Will airlines have to pay for the lost twin towers?

By Bernard Vaughan Reuters

A federal judge is days away from deciding if New York developer Larry Silverstein can recover as much as $3.5 billion from airlines for damages to the World Trade Center on September 11, 2001, on top of more than $4 billion he has received from insurers.

U.S. District Judge Alvin Hellerstein started a three-day trial on Monday in which he will decide how much of the insurance payments should offset the damages Silverstein is seeking from the airlines. These include United Airlines, now United Continental Holdings Inc., American Airlines and American’s parent, AMR Corp.

Roger Podesta, a lawyer for the airlines, argued that Silverstein’s insurers have paid him for the same losses he is seeking from the airlines.

The insurance payments and the claims against the airlines are “for the same category of loss,” Podesta said in opening arguments in a packed courtroom in federal court in New York.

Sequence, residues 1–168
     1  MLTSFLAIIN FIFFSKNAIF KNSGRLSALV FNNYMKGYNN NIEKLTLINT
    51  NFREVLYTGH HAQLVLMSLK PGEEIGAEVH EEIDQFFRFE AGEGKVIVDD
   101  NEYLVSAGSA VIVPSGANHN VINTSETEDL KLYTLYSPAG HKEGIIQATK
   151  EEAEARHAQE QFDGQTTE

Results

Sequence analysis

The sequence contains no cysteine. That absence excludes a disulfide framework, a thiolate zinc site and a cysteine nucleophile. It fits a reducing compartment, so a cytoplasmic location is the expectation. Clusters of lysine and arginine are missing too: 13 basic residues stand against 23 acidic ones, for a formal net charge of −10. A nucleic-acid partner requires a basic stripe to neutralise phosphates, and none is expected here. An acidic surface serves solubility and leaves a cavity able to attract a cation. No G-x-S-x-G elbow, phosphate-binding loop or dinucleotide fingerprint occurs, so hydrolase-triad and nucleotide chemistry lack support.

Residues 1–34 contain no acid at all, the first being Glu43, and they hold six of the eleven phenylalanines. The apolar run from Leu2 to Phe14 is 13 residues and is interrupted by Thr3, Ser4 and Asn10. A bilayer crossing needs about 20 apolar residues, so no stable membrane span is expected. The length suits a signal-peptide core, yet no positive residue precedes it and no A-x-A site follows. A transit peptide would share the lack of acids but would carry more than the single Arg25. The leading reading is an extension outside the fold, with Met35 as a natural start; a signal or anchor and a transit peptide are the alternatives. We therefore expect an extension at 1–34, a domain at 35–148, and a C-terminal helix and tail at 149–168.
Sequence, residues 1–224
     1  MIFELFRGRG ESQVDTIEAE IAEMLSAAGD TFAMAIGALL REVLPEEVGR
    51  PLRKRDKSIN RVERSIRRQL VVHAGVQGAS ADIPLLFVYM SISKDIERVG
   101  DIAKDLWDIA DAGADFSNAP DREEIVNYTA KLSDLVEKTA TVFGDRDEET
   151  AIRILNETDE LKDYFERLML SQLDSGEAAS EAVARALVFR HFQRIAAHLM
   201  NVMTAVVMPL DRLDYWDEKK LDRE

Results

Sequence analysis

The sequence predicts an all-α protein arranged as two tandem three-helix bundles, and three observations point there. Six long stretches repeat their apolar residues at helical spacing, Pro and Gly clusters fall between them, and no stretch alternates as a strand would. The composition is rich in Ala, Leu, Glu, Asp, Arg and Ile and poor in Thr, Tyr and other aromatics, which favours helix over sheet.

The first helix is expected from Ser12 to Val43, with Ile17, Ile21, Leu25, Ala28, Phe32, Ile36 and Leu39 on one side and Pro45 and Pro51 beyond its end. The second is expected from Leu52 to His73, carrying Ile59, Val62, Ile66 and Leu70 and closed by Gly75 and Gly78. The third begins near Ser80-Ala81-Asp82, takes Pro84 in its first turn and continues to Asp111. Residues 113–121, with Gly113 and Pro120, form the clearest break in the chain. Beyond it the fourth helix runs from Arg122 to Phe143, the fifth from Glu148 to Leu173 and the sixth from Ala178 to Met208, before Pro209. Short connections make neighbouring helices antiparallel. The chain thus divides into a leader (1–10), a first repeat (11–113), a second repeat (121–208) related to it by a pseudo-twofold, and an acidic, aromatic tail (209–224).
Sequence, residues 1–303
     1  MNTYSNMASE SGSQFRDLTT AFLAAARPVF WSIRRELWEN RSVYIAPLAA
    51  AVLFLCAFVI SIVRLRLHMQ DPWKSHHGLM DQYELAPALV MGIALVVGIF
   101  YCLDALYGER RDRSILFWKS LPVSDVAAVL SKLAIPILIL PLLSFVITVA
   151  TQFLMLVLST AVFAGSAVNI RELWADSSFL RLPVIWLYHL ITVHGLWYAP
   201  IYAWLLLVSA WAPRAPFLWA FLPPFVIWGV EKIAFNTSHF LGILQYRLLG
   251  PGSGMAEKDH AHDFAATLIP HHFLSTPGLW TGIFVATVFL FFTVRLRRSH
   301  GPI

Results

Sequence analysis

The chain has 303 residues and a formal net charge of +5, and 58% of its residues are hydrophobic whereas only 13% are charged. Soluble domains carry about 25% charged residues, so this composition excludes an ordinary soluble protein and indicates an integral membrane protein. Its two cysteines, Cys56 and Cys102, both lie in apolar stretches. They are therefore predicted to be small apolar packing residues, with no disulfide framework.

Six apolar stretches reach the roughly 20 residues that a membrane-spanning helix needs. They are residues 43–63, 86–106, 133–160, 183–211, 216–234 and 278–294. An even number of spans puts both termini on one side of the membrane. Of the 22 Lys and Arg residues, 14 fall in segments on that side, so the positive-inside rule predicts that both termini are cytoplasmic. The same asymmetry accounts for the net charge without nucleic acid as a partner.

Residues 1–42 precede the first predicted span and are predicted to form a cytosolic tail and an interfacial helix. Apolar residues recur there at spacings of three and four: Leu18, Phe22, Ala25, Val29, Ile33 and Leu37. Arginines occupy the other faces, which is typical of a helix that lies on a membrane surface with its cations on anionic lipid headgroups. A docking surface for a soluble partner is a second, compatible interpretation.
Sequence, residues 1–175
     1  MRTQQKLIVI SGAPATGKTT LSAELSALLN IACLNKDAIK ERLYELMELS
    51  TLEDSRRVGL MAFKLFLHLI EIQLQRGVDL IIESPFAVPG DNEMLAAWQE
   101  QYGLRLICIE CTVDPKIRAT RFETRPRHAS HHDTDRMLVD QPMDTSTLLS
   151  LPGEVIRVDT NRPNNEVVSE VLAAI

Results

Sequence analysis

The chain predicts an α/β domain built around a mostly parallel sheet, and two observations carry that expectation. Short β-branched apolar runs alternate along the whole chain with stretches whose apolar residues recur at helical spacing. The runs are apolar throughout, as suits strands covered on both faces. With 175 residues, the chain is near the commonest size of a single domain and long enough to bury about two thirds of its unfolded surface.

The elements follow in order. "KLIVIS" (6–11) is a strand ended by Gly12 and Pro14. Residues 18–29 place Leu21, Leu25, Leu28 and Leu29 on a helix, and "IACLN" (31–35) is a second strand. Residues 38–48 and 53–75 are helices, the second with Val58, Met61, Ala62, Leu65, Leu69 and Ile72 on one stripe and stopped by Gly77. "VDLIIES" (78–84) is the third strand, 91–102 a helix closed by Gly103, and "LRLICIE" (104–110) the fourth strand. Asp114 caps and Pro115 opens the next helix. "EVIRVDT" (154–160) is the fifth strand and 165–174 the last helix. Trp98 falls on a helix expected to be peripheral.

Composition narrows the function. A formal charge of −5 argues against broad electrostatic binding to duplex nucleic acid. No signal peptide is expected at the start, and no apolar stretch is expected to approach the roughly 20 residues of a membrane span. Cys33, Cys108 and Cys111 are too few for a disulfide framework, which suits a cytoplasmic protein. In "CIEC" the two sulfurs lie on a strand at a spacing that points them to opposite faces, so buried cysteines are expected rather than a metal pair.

But Rich Williamson, a lawyer representing Silverstein’s World Trade Center Properties, said the airlines’ argument “defies reality.”

“The grocer would not say ‘the categories of food that I sell are food,'” Williamson said. “You can’t just say, ‘I have economic loss.'”

Hellerstein is deciding the case without a jury. He said in a pre-trial hearing that he expects to rule immediately following closing arguments, scheduled for Wednesday.

Should Hellerstein decide the claims do not correspond with each other, Silverstein would then have to prove liability in a separate trial.

Hellerstein, a Bronx native and U.S. Army veteran nominated to the bench by President Bill Clinton, has presided over a sprawling portfolio of 9/11-related cases.

In January, Hellerstein will hear a trial pitting Cantor Fitzgerald, which lost 658 employees in the attacks, against American Airlines. The financial services firm sued the airline over lost business and the destruction of its offices in the World Trade Center.

United Airlines merged with Continental Airlines in 2010 to form United Continental Holdings. AMR Corp, which filed for bankruptcy in 2011, has announced plans to merge with US Airways Group Inc.

The cases are World Trade Center Properties LLC, et al. v. United Airlines Inc; World Trade Center Properties LLC, et al. V. American Airlines Inc, et al, v. American Airlines Inc et all, U.S. District Court, Southern District of New York, Nos 08-3719 and 08-3722.

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